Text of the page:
Israel on Monday said it has launched over 300 strikes on the Gaza Strip within 24 hours. The Hamas rulers of the besieged Palestinian territory state that the attack has left dozens killed.
More than two weeks into the war triggered by the October 7 Hamas attack on Israel that killed 1,400, alarm has surged about the spiralling humanitarian crisis in Gaza.
The Hamas-run health ministry also disclosed that more than 4,650 have been killed in Gaza, around 40 percent of them children, adding that thousands of buildings have been destroyed and more than one million people are displaced.
About a dozen trucks carrying desperately needed aid, the third convoy in three days arrived inside Gaza from Egypt on Monday, through Rafah, Gaza’s only crossing not controlled by Israel.
The United States, which has brokered the entry of the aid convoys, has vowed a “continued flow” of relief goods into Gaza, where Israel has cut off most water as well as food, power and fuel.
Fighting raged unabated overnight after Prime Minister Benjamin Netanyahu vowed again that Israel would “erase Hamas” and as a full-scale ground invasion looms.
Gaza’s Hamas-controlled government media office said that “more than 60 were martyred in the raids” during the night, including 17 in a single strike that hit a house in northern Gaza and at least 10 others were killed in new strikes on Monday morning.
The Israeli military said it had hit “over 320 military targets in the Gaza Strip” in the 24 hours up to Monday morning.
It said the targets “included tunnels containing Hamas terrorists, dozens of operational command centres” as well as “military compounds and observation posts” used by Islamic Jihad, another militant group.
Rafah resident Mohammed Abu Sabalah said he had returned home from the local mosque after dawn prayers Monday and that “a quarter of an hour later there was a bombing”.
“We couldn’t see anything because of the thick smoke,” he said, adding that “we thank God that we’ve emerged safe and sound” with “only a few windows and doors destroyed” in his house.
Israeli forces are massed near the Gaza border, and smaller units have already carried out limited incursions, targeting Hamas and hoping to rescue hostages, whose number Israel now estimates at 222.
In one such operation, a 19-year-old Israeli soldier was killed and three others wounded, the army said, adding that the tank operation had aimed “to dismantle terror infrastructure… and locate missing persons and bodies”.
Tensions have been inflamed in the occupied West Bank, where 95 Palestinians have been killed in clashes involving Israeli security forces or settlers since fighting began in Gaza, according to the Ramallah-based health ministry.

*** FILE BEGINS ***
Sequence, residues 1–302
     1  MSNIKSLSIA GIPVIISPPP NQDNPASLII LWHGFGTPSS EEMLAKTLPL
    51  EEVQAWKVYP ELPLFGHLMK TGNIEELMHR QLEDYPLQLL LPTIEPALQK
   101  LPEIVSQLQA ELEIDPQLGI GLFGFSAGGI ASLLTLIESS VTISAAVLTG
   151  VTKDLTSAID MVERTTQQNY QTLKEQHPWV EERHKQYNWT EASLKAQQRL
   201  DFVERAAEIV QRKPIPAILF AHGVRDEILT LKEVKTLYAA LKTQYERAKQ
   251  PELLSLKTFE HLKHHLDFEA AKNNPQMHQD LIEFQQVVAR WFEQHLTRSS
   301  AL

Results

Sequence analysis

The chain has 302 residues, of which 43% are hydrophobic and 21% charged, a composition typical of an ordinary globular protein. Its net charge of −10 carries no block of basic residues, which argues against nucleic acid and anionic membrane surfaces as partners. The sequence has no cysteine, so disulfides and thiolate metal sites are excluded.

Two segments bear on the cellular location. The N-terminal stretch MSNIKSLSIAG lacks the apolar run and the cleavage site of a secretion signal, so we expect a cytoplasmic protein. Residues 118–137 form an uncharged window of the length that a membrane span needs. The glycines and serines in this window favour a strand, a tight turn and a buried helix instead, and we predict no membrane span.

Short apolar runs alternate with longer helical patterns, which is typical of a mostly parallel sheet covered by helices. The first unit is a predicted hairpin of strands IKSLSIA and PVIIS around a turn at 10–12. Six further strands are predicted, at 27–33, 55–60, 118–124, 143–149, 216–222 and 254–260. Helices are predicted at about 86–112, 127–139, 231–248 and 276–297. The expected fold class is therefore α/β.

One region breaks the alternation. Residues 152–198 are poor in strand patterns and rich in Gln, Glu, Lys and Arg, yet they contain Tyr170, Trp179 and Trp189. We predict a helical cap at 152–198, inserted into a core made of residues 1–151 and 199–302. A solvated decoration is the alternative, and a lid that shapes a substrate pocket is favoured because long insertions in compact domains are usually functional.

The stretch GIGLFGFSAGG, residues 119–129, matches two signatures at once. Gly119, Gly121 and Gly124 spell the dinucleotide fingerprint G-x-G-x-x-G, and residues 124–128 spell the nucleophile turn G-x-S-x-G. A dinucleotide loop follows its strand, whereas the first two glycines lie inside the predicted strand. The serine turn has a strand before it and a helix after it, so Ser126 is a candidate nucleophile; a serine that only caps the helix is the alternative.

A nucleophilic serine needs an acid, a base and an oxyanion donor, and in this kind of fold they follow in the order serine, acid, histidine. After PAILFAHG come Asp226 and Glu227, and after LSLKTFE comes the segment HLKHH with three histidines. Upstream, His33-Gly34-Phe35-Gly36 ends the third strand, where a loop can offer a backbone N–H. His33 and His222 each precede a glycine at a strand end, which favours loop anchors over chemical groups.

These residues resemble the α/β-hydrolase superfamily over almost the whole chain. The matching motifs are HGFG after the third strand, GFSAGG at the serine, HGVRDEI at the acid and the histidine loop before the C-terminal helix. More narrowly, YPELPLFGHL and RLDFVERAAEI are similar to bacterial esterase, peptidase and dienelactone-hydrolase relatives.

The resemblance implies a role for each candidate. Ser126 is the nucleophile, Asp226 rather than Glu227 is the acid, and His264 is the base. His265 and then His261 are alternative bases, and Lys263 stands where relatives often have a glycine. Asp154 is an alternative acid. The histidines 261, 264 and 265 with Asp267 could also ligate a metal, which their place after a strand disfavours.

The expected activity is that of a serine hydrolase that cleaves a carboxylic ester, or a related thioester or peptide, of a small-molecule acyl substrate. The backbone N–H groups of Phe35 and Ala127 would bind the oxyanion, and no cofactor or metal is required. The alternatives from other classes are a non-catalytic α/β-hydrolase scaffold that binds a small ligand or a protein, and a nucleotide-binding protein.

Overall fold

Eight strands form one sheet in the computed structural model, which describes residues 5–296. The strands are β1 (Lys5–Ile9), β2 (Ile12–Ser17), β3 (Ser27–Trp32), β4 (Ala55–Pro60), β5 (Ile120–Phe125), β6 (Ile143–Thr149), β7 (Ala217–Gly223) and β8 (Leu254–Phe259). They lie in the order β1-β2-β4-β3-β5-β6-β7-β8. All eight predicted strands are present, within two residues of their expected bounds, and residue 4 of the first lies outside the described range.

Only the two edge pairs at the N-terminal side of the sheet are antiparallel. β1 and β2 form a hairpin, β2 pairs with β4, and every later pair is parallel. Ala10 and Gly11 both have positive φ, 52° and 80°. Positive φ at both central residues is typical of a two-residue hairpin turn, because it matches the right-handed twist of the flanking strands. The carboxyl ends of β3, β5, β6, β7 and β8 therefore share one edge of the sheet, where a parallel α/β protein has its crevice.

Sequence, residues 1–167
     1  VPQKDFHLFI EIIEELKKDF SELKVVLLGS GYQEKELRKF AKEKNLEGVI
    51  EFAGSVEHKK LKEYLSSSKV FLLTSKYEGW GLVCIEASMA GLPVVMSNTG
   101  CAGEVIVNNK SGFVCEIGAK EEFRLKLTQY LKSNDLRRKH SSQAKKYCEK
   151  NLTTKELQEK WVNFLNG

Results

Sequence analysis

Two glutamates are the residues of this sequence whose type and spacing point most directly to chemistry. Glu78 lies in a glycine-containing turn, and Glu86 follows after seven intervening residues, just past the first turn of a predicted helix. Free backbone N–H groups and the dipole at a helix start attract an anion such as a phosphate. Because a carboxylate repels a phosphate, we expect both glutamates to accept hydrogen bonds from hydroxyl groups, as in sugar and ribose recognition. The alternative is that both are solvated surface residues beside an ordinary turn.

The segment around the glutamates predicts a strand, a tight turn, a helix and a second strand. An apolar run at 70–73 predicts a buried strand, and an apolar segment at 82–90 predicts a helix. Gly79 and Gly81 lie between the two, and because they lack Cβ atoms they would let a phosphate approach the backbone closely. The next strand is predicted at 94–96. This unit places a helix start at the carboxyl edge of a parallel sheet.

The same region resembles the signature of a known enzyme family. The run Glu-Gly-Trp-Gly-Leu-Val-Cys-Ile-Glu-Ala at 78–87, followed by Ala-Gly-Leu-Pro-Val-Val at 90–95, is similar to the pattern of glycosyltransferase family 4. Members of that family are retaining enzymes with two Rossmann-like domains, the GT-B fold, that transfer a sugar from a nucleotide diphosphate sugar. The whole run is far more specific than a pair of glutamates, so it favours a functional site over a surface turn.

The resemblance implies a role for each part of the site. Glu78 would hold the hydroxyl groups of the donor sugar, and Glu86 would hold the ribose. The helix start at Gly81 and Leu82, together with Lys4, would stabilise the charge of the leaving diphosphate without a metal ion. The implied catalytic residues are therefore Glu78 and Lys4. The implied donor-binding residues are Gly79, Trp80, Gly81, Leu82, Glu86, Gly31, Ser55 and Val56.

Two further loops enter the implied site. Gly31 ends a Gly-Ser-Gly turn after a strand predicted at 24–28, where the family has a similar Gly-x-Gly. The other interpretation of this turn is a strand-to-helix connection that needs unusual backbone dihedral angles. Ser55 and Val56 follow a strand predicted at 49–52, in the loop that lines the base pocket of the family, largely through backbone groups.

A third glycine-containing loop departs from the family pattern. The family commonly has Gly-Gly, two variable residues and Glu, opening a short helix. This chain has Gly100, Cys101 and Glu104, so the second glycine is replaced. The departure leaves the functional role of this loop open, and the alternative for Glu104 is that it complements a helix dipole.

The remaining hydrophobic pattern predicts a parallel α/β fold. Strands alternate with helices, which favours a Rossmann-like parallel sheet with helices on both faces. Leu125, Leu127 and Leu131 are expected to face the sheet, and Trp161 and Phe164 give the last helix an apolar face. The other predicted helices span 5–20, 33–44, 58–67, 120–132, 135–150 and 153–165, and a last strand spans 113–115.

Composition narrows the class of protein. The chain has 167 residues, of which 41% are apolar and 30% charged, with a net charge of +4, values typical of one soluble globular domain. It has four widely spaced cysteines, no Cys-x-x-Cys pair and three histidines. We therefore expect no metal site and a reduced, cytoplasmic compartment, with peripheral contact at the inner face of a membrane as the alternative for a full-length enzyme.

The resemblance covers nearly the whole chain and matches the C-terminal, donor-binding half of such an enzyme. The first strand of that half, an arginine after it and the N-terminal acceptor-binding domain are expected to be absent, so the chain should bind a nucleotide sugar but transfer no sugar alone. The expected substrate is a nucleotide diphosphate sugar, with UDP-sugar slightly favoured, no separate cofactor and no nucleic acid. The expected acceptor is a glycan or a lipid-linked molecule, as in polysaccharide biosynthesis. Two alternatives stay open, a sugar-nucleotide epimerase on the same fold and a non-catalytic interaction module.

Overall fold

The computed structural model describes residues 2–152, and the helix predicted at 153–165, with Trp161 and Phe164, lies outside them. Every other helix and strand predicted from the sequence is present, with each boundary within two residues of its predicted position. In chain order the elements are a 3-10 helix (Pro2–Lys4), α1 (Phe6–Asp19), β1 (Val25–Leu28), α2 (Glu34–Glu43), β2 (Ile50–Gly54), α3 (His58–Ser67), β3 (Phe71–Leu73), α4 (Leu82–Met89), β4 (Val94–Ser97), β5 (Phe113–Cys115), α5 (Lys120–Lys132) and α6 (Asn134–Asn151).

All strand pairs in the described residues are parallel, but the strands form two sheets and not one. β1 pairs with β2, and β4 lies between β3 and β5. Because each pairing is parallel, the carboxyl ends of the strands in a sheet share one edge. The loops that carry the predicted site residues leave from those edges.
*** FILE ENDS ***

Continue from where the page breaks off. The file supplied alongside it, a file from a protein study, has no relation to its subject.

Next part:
Israel kept evacuating southern communities near Gaza.
Orit Cohen, 29, a native of Sderot, an Israeli town just near Gaza’s northern border, told AFP, “I came to pick up my mother who until then refused to leave the city. But the army is bombing right on the other side.
“I was afraid for her and I came to get her out of here.”
Dire need in Gaza
Hamas militants poured into southern Israel from Gaza on October 7, in the worst attack in the country’s 75-year history, shooting and stabbing mostly civilians and burning many bodies, according to Israeli officials.
The Israeli bombing campaign since then has killed more than 4,650 Palestinians, mainly civilians and including at least 1,873 children, according to Gaza’s Hamas-run health ministry.
Alarm has grown about the dire needs of the 2.4 million civilians trapped inside the 40-kilometre (25-mile) long coastal strip that was already blockaded and impoverished before the war.
Children killed in an Israeli air strike in the southern city of Khan Yunis were on Monday, were laid to rest in a makeshift grave, while in Rafah men were filling plastic jerricans from portable water containers.
US President Joe Biden brokered the aid convoys with Egyptian and Israeli leaders last week — but the United Nations estimates Gaza needs about 100 trucks of relief goods every day.
UN aid chief Martin Griffiths said Sunday’s delivery of food, water and medical supplies was “another small glimmer of hope for the millions of people in dire need of humanitarian aid.
“But they need more, much more.”
Israel has rejected the entry of fuel into Gaza, fearing Hamas could use it for weapons and explosives.
This development has sparked warnings that soon Gaza’s ambulances, hospital incubators and water desalination plants will stop functioning.
Around the world, Israel’s friends and foes alike have warned against the Gaza war spilling over into a full-scale regional conflagration.
Israel’s arch-foe Iran has repeatedly warned of an escalation, as have its allied armed groups, including Lebanon’s Hezbollah, which has traded cross-border fire with Israel.
Netanyahu warned on Sunday, that if Hezbollah were to get more deeply involved, it would be “the mistake of its life”.
“We will strike it with a force it cannot even imagine, and the significance for it and the state of Lebanon will be devastating,” he said.
Biden and several other Western leaders in a joint statement stressed the need “to prevent the conflict from spreading” and to “preserve stability in the Middle East”.
Israeli air strikes were reported against two airports in Syria, a mosque used by “terror operatives” in the West Bank city of Jenin and Hezbollah’s “military infrastructure” inside Lebanon.
Hamas, Hezbollah and Syria’s government are all backed by Iran, which opposes Israel’s existence and has warned the region could spiral “out of control”.
Washington said it would not hesitate to act in the event of any “escalation”, just hours after the Pentagon moved to step up military readiness in the region.
“If any group or any country is looking to widen this conflict and take advantage of this very unfortunate situation that we see, our advice is: don’t,” US Defence Secretary Lloyd Austin said on ABC News.